Whether you’re ordering 500 unit of one product, or 50 units of 10, the challenges are the same. Where the challenges would come and the cost would rise, is if your importing products from different suppliers. Now, there are services that will consolidate for you. You can have four or five different suppliers send everything to these consolidation warehouses. They will consolidate those and export them as one shipment saving you money.
What do you see coming up in the Prep side of Amazon as a problem?
Amazon will start requesting detailed contents of boxes. You can do it now, as an option, and in the US they have started requiring it. Usually if it happens in the US it will happen in the UK. So you will have to communicate that with your supplies to be more clear about what’s in each box especially of you ship directly. They will also requiring packing notes, so when they open the box, they know what’s in it to speed things up on their end.
Brexit will likely have an impact on shipping in Europe.
Amazon announce recently that they will have an air fleet of about 40 planes to ship products themselves. It’s unknown if freight will change much since it’s a fairly stable and established system. However, Amazon will likely try to takeover that.
How can people get hold of you?
PRICE TESTING: Hi Guys! I have been doing a lot of price testing. Does anybody know if the price changes in the shopping cart? For example, if somebody added my product to their shopping cart as price X, but did not check out. Then, I change to price Y. Does the product, in the shopping cart, change to price Y or does it remain at the original price X as it was when it was added to the cart? Things that make you go Hmm!!!
Michael Veazey David, interesting question. I admit I don’t know the answer.
However I wouldn’t recommend changing price that swiftly or often! I’ve been guilty in the past. Problem is that you can’t make objective statistically significant measurements of the effects of price changes.
Michael Veazey I’ve recently been testing out www.amzsplit.com
Www.Cashcowpro.com also looks promising although I’ve not used it yet. It also does profit calculations to some degree. Hello profit may be better for the latter.
I am tracking down the creators of all of these things for the podcast…
So… I went on Jungle Scout to find the niche product
Started with Home & Kitchen -> Kitchen and Dining -> Kitchen utensils -> Cooking utensils:
A lot of Silicone spatulas came up as you would expect but what JS ran was a completely different story.
It would seem that there still is market for those wishing to sell Silicone Spatula…
Or am I reading the data wrong
According to Greg Mercer’s guidance:
1st 5 listing have under 50/100 reviews (Further down a few names dominate)
And the revenue for is good for all the top sellers and very high volume of sales
Wade I might be wrong, but I’ve always been sorting the results by rank, and then those are my top 10 ones to look at and assess. Please someone tell me if I am wrong!
Michael Veazey Well, this is the first phase or first filter of any sensible product picking system.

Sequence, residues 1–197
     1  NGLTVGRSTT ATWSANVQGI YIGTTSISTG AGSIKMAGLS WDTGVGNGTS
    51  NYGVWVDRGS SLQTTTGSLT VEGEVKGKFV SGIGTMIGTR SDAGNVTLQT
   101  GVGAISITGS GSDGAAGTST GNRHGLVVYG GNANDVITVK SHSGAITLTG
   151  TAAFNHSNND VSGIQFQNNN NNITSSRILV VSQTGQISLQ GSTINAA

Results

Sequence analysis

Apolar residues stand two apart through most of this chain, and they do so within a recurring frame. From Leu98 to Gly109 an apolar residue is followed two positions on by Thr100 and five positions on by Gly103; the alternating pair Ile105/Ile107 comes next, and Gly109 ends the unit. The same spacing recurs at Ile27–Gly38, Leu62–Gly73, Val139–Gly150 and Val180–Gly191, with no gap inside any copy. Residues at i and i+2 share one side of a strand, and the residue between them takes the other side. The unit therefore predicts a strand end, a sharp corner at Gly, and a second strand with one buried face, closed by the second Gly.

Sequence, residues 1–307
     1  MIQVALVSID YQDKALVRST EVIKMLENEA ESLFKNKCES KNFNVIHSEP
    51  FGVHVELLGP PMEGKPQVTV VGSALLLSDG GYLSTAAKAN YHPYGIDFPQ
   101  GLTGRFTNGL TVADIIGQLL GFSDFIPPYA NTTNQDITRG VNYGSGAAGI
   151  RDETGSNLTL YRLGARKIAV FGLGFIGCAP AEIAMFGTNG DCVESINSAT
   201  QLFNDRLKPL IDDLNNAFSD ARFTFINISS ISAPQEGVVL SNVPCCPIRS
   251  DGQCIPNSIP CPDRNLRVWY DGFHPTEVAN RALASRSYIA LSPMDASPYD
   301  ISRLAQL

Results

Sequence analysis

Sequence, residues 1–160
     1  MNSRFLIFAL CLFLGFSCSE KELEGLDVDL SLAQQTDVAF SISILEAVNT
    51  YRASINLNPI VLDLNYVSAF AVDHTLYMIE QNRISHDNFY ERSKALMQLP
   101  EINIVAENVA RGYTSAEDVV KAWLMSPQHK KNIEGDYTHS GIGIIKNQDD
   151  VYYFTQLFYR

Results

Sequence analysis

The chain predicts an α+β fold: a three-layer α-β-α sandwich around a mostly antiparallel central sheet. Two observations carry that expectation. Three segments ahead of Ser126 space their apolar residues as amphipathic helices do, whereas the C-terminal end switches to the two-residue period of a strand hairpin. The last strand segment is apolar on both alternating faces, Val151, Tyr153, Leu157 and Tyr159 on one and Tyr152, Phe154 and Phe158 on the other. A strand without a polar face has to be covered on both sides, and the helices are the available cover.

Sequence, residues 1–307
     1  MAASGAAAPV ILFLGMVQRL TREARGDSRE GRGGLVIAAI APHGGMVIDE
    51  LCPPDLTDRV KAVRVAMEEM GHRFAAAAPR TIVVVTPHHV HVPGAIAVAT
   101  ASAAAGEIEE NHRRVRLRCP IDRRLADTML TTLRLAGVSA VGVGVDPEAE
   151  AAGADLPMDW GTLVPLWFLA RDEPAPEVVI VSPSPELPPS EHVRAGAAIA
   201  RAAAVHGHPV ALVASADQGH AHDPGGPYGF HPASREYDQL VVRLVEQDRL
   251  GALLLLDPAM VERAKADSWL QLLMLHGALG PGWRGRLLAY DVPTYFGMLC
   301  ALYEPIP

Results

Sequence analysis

First of all quite a few results are for steel tongs so those need to be eliminated as irrelevant.
Then you need to be aware of giveaways.
Look at the top ranked seller.
With just 23 reviews, I don’t believe they are doing 3000 organic sales a month in this market.
Next and most important, price. At $6.49, you have to wonder what the profit is.
let’s look at ad costs which are frightening with a very competitive keyword.
If we guesstimate PPC costs per click on such a competitive keyword at say $2 per click, and if we are optimistic and say 33% conversion, that gives a cost of $6 as cost per ad driven sale.
Even if say 1/2 of sales are organic that would give an overall average ad cost of $3 per sale.
That leaves $3.49.
I don’t know what the fulfilment fees are but let’s say $1. Referal fee is $0.97 so basically $1.
So that leaves $1.53 to:
1. buy your unit, 2. inspection, 3. freight, 4. duty and customs costs 5. Receiving warehouse in USA 6. Amazon inbound shipping.
Sales can be achieved if you drop the price, spend a lot on giveaways and spend aggressively on PPC.
That’s a good set of launch tactics.
The issue is whether after that, there is profit to be made.
Hello Amazing FBAers!
How do you pay your freight forwarder to ship your goods to Amazon USA? Do you pay 100% directly before shipping?
I have been trying to get freight forwarders to use Escrow or to pay them 30%/70% through Alibaba’s Trade Assurance but they won’t agree to it….
Is there a way how I can be safe? Because if you pay them 100% of the sum at the beginning, then you are at their mercy and they will not put a lot of effort because they have already been paid
Btw Michael, keep up the good job, one of the best podcasts out there!
Peter Zapf I’ve usually seen the bill/invoice issued right when goods are about to get delivered (this would be US freight forwarders shipping into the US). Not up front before goods are even picked up.
But this is also different than the 30/70 for suppliers. For suppliers, the 70% is the hammer to make sure you get the quality you need, which is why you should do a pre-shipment inspection. I’ve never seen anything like 30/70 for freight forwarders.
Michael Veazey Hi Sergei,
I assume your freight forwarders are in China, is that right?
Are they are very small firm or are they an established large one? Is there a particular reason you feel worried about fraud with them?
Michael Veazey So Sergei, are these FF based in China? And where are you shipping to? US? U.K.? Europe?
I’ve not heard of anyone doing a 30/70 split with a FF. If you’re really worried then I’d suggest
1. Get one in the USA If that is where you are importing to. Or UK or wherever you are based.
2. Find one who will talk through the process on the phone and generally help you avoid newbie mistakes.
Hi Guys – I’m new to this group! I am in the process of arranging shipping from china to FBAI by air express (arranged by the supplier), however after reading a few posts could air freight be an option? I will exceed the $2500 customs threshold so will have to engage a customs broker anyway so will it make more sense/cost effective to go air freight? This is my first shipment so a bit unsure about the whole thing but trying to work my way through it! Additionally when you say door to door (in this case does that mean to FBAI instead of having to engage a FF to move from port to FBAI). Thanks 🙂
Yes air freight could well be an option. If it’s a small consignment it probably won’t save you much over air express but The thing to do is to get some quotes then you can work on hard data.
Air Courier is nearly always the simplest option. Ask for DDP =Delivered Duty Paid. If you get DAP=Delivered At Place (sometimes called DDU Delivered Duty Unpaid which is not technically an INcoterm) you can in theory just have the courier invoice you for the Duty but it is wise to use a customs broker at least first time out.
Ask your supplier what they can get from their air express guys. Then get quotes from several freight forwarders and compare.